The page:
Secure data on computer screen

Business Owners, Brush Up on These 3 Practices This Data Privacy Day

Every business wants to make sure that the data they have is secure, whether that means protecting the personal data of customers, employees, or vendors in a secure location.

The sensitive data you have may include identifying information such as Social Security and credit card numbers — the kind of information that’s often necessary to fill orders, meet payroll, or perform other business functions.

“However, if sensitive data falls into the wrong hands, it can lead to fraud, identity theft, or similar harms,” says the Federal Trade Commission says in an article about data protection.

The new calendar year and Data Privacy Day on Jan. 28 have some small business owners assessing their data security strategy.

The nonprofit National Cyber Security Alliance (NCSA), which started Data Privacy Day, is now making it a week-long awareness campaign, running Jan. 21-28.

Data privacy should be a priority both for individuals and organizations, the NCSA says in a post on its website

The goal of the awareness campaign is two-fold, the group says.

“We want to help citizens understand that they have the power to manage their data and we want to help organizations understand why it is important that they respect their users’ data.

“Respecting the privacy of your customers, staff, and all other stakeholders is critical for inspiring trust and enhancing reputation,” the NCSA explains.

Here are 3 things you should know when it comes to data privacy as it applies to your small business.


Data Security Issues Can Impact Your Business in Several Ways.  A security breach on any private data you keep will not only impact your customers and employees but also your business, now and in the future.

A data breach could affect your reputation, brand, future sales, and business relationships in addition to the loss of personal data and interrupted productivity at your company. Also possible is legal action against your company.

According to research from the Pew Research Center, 79 percent of U.S. adults report being concerned about the way their data is being used by companies, says the National Cyber Security Alliance.

“By being open about how you use data and respecting privacy, you can stand out from your competition,” the organization says.

For a business to safely and successfully take advantage of the data they’re collecting, they need to have safeguards in place to ensure data is under tight lock and key and consumers aren’t subject to uninvited surveillance, says a post by Hyperproof.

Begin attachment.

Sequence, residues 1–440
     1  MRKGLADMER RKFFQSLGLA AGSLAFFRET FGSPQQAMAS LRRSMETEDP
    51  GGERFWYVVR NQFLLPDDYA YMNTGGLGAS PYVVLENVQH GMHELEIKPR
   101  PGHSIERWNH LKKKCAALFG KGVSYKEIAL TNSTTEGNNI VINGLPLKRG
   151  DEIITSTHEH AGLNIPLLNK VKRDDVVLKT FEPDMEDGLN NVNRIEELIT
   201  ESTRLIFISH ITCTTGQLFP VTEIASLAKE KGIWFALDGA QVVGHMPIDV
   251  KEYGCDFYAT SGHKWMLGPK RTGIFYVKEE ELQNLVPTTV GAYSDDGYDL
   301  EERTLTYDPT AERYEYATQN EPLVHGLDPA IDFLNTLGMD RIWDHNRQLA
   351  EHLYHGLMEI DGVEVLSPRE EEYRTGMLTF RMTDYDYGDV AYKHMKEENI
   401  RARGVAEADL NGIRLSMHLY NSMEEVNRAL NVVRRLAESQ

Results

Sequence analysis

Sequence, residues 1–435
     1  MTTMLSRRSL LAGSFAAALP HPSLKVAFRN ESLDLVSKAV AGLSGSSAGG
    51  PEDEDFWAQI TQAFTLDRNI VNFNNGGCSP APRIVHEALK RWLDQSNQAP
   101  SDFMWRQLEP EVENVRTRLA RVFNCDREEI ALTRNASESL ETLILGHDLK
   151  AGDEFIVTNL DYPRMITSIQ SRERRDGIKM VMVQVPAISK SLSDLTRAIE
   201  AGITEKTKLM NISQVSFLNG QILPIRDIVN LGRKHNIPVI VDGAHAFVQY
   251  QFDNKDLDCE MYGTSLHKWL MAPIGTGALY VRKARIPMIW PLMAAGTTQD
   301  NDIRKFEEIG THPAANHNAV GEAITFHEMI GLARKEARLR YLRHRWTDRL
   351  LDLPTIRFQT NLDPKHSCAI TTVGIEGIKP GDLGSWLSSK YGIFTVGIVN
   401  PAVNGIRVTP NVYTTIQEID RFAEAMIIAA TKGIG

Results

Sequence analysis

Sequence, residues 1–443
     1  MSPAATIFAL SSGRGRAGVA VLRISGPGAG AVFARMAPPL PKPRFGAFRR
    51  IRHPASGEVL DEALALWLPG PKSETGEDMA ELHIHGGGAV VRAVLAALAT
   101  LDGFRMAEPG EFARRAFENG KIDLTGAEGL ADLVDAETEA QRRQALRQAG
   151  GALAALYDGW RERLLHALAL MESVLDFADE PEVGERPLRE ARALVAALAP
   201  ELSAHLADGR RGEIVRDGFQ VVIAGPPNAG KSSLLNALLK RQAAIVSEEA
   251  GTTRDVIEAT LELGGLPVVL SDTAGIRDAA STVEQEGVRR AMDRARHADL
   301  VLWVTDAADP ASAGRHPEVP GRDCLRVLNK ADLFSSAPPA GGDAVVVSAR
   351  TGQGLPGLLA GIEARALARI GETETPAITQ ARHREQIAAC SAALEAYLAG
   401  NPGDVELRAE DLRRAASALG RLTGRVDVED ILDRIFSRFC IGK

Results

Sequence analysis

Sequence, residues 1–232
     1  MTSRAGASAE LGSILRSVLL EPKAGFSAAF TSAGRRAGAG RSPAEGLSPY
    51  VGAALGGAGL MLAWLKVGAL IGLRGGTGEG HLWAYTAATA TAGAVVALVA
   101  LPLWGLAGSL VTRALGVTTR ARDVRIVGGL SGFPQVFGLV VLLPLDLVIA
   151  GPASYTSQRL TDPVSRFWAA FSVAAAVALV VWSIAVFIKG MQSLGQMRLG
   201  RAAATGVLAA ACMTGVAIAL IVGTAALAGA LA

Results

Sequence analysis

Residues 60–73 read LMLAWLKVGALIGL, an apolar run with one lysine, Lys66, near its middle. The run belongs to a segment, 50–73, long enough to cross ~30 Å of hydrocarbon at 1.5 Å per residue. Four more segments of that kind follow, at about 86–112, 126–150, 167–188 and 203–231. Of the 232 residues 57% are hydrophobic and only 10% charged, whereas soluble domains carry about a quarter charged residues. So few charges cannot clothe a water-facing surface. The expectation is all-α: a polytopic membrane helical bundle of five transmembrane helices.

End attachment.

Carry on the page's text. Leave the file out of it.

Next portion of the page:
Define and Refine Your Strategy. The FTC, which offers a guide to businesses about data security, lists five principles of a sound data security strategy, including keeping only information that’s needed to do business.

Further, the FTC says, it is crucial to identify ways to protect the information you choose to keep and to properly dispose of what you no longer need. 

To avoid privacy breaches or data security issues, businesses need to have measures and policies in place to protect the integrity of the data itself against manipulation and malware, says an article by TechTarget.

Data protection is defined as the process of safeguarding important information from corruption, compromise, or loss, explains the article by three TechTarget staff editors.

“The importance of data protection increases as the amount of data created and stored continues to grow at unprecedented rates,” they write.

Consider Managed IT Services. If your business is too small for your own IT department, research and consider using an outside resource to help you manage data privacy and security.

Look for vendors that offer IT management services specifically for businesses. For example, companies that use Sparklight Business Managed Services tap the expertise of IT specialists who can adjust your network permissions and address security concerns, as well as monitor network performance and manage traffic flow 24/7. 

In addition to protecting data from compromise and ensuring data privacy, your strategy should include a plan that allows data to be restored quickly after any corruption or loss.